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TU celebrates the work of artist Alexandre Hogue on the 125th anniversary of his birth

Aired on Thursday, November 3rd.
"Lava Capped Mesa, Big Bend" by Alexandre Hogue (1898-1994). Oil on canvas, 1976.
Aired on Thursday, November 3rd.

The late, great American artist -- and former head of the University of Tulsa's School of Art -- will be the focus of two different exhibitions, both happening in the gallery that was named after him.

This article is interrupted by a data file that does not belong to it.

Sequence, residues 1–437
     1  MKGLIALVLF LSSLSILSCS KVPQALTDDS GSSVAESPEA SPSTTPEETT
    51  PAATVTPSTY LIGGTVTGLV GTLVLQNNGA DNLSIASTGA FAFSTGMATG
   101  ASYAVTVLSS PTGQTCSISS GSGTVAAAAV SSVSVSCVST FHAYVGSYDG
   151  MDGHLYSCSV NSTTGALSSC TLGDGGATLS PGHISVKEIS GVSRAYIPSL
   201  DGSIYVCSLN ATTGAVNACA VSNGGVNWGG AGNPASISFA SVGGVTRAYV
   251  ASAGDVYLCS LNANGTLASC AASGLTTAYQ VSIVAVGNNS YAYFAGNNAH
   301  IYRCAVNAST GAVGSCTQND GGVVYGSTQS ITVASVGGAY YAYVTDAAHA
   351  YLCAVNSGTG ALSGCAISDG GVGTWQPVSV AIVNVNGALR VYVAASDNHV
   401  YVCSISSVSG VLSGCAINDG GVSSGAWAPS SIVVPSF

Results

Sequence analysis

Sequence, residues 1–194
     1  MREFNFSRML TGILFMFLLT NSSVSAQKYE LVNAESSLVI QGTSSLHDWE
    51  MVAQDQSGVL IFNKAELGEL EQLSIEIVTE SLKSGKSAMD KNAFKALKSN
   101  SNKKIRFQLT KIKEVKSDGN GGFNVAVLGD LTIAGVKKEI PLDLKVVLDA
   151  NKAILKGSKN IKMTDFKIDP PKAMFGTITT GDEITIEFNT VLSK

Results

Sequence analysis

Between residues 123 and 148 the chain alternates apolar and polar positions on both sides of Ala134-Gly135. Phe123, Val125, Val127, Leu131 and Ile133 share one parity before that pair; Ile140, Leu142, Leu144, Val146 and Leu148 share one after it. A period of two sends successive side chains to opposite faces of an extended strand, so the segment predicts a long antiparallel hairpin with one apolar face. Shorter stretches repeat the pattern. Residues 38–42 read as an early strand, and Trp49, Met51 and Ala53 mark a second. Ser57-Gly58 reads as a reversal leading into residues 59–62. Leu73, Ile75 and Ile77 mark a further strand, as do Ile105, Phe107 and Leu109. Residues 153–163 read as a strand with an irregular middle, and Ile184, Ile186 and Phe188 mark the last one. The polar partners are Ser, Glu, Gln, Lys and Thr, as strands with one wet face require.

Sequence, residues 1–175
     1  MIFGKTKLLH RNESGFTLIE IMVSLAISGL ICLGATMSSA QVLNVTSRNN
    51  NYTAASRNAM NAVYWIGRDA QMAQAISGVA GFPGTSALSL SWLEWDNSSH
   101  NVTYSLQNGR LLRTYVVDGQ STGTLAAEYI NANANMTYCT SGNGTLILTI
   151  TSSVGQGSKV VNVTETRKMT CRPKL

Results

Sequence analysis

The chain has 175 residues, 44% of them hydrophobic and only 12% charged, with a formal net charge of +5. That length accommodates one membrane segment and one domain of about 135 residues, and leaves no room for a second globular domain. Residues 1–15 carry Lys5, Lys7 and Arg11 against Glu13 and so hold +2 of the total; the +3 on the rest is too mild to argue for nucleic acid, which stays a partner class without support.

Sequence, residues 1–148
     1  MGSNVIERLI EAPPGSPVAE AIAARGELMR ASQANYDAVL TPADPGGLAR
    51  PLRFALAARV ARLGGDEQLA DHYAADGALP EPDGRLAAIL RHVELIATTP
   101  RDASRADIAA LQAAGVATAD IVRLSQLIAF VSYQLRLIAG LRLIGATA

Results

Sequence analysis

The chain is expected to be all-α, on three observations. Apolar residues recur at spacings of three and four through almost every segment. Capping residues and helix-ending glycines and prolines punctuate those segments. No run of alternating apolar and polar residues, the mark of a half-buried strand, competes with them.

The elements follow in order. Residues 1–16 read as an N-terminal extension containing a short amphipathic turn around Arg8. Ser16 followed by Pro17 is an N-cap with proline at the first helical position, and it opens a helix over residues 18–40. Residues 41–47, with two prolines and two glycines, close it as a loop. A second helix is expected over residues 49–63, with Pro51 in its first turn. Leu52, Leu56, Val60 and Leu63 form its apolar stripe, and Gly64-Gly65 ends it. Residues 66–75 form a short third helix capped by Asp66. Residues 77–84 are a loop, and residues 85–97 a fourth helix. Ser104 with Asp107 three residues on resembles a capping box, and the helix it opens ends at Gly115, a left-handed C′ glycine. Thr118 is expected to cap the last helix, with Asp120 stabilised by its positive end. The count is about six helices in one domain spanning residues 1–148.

On this edition of ST, we discuss the life and work of the artist and art instructor Alexandre Hogue, who would've turned 125 in February. An important regional artist who began his career during the Great Depression -- and who later directed the TU School of Art for many years -- Hogue was a painter, printmaker, illustrator, and muralist who worked mainly in a realist manner, although he did create, over the course of his long career, art works in a number of different styles. Hogue is now being celebrated here at TU with a pair of exhibitions to occur in the Hogue Gallery on the TU campus (namely, in Phillips Hall). The first exhibit, "Hogue 125 Original: Sinister Beauty," is a mini-retrospective of work by the artist, and it opens today. The second, "Hogue 125 Inspired," will be a juried, community-wide exhibition of pieces exploring various themes found in Hogue's work; this second show will go up in early 2023. Both shows are being curated, developed, assembled, and promoted by TU students. Our guest is Dr. Kirsten Olds, Associate Dean of TU's Henry Kendall College of Arts and Sciences and Associate Professor of Art, Design, and Art History. She's been working with the students on both of these shows.

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